In 1993 while on a day trip to the petroglyph site in the White Tank Mountains Regional Park west of Phoenix, AZ, I came across a particular set of glyphs which may represent an eyewitness record of the event.
And a recent (May 2006) photo:
Is this depiction of what appears to be a scorpion at all consistent with a constellation meaning? If the "star" near the center is meant to be a starlike object in intended meaning, could the scorpion indicate a relative position in the sky to the constellation we now call Scorpius? It's not an unreasonable proposition since many ancient cultures, Western and non-Western, identified the asterism we call the constellation Scorpius with either actual scorpions or dragons. Another criterion for the likelihood of my theory is whether the area was occupied by people at the time the event happened, and the time the glyphs are thought to have been carved. The Maricopa County online guide to the History Of The White Tanks Area states:
"Eleven archeological sites, occupied during the time period A.D. 500-1100, were located within the boundaries of White Tank Mountain Regional Park. All of these sites can be attributed to the Hohokam Indians. The White Tanks were apparently abandoned by the Hohokam about A.D. 1100. There is no further indication of human occupation until the historic period, when the Western Yavapai controlled the area."
So the timing is right for the glyphs, although it is speculated that they could be considerably older, say, up to 10,000 years old. Chemical analysis of the desert varnish inside and outside a glyph can establish the approximate age of a carving, so that would be one way to test it.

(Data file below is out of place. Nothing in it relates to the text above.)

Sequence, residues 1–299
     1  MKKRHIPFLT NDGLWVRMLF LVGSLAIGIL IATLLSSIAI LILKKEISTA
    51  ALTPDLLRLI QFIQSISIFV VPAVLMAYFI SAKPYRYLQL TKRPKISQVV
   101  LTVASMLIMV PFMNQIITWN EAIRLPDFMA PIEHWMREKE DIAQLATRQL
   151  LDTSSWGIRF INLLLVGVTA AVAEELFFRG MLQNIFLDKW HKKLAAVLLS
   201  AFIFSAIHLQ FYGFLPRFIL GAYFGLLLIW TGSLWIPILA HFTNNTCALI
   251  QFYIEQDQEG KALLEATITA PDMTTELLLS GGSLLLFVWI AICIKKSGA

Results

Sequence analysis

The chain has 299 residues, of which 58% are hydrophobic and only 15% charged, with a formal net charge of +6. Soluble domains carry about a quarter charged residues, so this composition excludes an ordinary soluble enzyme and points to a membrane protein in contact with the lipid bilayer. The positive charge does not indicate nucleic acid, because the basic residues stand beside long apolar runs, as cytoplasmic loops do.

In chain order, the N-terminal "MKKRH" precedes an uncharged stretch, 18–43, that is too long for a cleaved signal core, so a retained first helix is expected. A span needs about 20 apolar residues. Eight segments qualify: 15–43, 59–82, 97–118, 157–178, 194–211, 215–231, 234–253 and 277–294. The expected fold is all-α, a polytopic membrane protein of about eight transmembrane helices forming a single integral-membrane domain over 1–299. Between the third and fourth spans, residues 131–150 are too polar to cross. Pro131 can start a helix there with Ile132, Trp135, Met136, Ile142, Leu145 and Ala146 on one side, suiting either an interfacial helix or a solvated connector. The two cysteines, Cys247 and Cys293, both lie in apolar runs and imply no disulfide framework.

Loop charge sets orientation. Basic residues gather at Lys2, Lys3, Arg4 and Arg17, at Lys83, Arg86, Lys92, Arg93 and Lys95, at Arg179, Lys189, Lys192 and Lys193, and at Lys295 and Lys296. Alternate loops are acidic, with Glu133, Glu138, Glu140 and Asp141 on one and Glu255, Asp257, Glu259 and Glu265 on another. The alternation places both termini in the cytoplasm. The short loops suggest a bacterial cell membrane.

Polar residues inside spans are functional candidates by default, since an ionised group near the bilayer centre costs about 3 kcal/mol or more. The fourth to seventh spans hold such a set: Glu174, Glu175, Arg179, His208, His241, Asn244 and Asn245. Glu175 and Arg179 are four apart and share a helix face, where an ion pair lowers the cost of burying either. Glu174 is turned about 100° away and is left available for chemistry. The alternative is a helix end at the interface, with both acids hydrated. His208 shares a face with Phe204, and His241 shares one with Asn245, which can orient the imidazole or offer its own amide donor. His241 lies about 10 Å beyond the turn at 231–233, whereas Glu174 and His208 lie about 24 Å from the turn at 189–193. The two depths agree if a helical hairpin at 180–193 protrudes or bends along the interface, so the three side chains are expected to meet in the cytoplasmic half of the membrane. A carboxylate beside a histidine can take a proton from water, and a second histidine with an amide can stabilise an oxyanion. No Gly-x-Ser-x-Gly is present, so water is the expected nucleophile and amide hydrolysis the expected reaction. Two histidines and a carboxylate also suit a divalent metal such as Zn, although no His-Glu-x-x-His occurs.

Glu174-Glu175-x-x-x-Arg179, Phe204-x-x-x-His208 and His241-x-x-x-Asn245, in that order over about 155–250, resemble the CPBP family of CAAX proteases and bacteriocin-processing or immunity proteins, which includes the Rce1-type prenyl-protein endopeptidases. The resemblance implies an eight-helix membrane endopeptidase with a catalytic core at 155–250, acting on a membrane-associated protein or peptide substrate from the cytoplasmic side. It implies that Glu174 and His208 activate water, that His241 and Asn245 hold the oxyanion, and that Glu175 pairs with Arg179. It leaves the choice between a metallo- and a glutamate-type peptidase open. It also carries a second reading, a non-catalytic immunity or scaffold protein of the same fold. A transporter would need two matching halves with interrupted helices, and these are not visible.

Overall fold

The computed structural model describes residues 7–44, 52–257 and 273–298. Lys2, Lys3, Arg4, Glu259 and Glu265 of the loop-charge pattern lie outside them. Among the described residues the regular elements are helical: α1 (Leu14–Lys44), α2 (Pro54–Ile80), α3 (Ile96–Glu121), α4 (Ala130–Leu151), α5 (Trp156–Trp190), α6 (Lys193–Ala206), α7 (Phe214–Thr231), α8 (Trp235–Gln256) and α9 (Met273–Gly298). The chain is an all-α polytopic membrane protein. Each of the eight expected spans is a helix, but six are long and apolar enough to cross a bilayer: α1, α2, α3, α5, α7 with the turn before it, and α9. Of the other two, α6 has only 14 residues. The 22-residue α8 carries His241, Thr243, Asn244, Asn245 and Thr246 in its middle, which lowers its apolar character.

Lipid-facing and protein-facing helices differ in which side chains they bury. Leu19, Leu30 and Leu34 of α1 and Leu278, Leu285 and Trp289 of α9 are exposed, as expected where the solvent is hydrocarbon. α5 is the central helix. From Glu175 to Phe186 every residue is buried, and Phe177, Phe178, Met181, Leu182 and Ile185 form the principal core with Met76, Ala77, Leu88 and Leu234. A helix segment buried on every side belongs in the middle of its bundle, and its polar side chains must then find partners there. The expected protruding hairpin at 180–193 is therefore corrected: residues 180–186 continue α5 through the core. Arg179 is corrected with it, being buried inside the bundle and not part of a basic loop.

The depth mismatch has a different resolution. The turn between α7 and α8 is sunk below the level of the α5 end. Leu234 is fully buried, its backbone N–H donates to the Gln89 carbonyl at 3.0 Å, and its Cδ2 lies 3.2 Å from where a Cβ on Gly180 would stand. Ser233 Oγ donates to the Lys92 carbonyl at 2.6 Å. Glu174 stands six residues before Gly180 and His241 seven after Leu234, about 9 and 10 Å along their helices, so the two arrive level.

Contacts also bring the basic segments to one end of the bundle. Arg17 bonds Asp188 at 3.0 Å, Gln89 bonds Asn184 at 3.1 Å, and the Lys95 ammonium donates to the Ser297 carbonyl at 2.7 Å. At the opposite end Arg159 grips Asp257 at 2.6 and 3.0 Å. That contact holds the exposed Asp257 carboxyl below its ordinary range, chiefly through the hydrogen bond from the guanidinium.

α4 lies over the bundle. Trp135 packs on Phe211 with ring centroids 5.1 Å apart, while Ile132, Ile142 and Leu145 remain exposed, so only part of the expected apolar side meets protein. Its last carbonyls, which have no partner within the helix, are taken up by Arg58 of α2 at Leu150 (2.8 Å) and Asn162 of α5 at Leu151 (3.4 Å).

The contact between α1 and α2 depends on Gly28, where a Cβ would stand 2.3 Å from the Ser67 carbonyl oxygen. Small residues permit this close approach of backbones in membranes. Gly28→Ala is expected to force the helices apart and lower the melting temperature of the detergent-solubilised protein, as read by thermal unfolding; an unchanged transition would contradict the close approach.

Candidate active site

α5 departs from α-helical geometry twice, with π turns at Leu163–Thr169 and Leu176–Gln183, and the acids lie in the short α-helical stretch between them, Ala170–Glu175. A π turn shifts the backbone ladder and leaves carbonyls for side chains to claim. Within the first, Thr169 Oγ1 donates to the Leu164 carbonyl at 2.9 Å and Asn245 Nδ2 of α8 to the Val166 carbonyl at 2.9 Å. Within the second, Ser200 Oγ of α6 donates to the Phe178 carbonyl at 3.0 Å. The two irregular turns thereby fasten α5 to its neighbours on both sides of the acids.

I did find on the web another image of this glyph. Interestingly enough, the photographer refers to this assemblage as "multiple sun symbols", but the "scorpion" doesn't look like a sun symbol to me. Usually sun signs are "hollow" in the center and stars are solid.
So... a glyph strongly resembling a scorpion near one representing a bright star at a site occupied in AD 1006... coincidence? Perhaps. But then again, so perhaps is the Chaco Canyon painting depicting the 1054 Crab event:
Clearly, just two generations later within the southwest, people were moved to record a similar sight. But then why don't we have a ubiquity of records of either event? Probably because the events may not have been viewed as auspicious unless they coincided with near-simultaneous external events (flood, fire, famine, death of certain community members, etc.) If this is something like a sky map showing the position of the SN, why did the artist choose to include the surrounding constellations? Locating it on the sky must have been important for some reason.